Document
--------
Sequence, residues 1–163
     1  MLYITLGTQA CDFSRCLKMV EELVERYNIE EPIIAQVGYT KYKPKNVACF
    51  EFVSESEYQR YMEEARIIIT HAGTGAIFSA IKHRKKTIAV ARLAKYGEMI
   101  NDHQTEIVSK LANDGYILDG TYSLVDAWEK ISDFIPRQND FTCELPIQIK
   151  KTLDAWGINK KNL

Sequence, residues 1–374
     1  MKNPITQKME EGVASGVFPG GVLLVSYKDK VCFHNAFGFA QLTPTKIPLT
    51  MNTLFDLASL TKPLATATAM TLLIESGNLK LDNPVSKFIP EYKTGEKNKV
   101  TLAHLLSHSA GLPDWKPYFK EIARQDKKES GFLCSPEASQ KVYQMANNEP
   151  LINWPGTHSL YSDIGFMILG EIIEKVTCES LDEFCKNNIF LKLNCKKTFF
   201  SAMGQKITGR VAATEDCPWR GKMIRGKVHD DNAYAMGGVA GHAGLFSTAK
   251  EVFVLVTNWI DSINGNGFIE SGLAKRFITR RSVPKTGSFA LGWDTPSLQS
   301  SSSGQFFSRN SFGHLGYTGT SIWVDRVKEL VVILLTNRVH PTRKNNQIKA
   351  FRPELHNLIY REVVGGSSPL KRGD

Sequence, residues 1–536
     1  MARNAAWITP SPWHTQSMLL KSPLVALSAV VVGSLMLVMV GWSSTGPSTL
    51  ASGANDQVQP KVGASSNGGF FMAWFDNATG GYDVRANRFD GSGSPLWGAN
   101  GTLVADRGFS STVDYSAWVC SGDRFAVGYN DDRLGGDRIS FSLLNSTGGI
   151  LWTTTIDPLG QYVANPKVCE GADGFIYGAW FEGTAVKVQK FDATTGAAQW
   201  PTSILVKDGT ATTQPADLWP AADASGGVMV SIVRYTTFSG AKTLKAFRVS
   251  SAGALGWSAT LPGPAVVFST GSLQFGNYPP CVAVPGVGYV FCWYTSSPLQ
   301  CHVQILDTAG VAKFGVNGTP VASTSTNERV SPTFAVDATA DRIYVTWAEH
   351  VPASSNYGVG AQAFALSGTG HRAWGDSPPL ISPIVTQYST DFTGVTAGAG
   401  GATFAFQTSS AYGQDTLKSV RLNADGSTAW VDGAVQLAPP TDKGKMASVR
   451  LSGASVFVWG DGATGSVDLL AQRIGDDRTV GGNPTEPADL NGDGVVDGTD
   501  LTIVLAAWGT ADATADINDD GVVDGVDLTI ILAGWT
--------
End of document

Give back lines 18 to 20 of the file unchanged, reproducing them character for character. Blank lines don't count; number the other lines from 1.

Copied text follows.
   101  GTLVADRGFS STVDYSAWVC SGDRFAVGYN DDRLGGDRIS FSLLNSTGGI
   151  LWTTTIDPLG QYVANPKVCE GADGFIYGAW FEGTAVKVQK FDATTGAAQW
   201  PTSILVKDGT ATTQPADLWP AADASGGVMV SIVRYTTFSG AKTLKAFRVS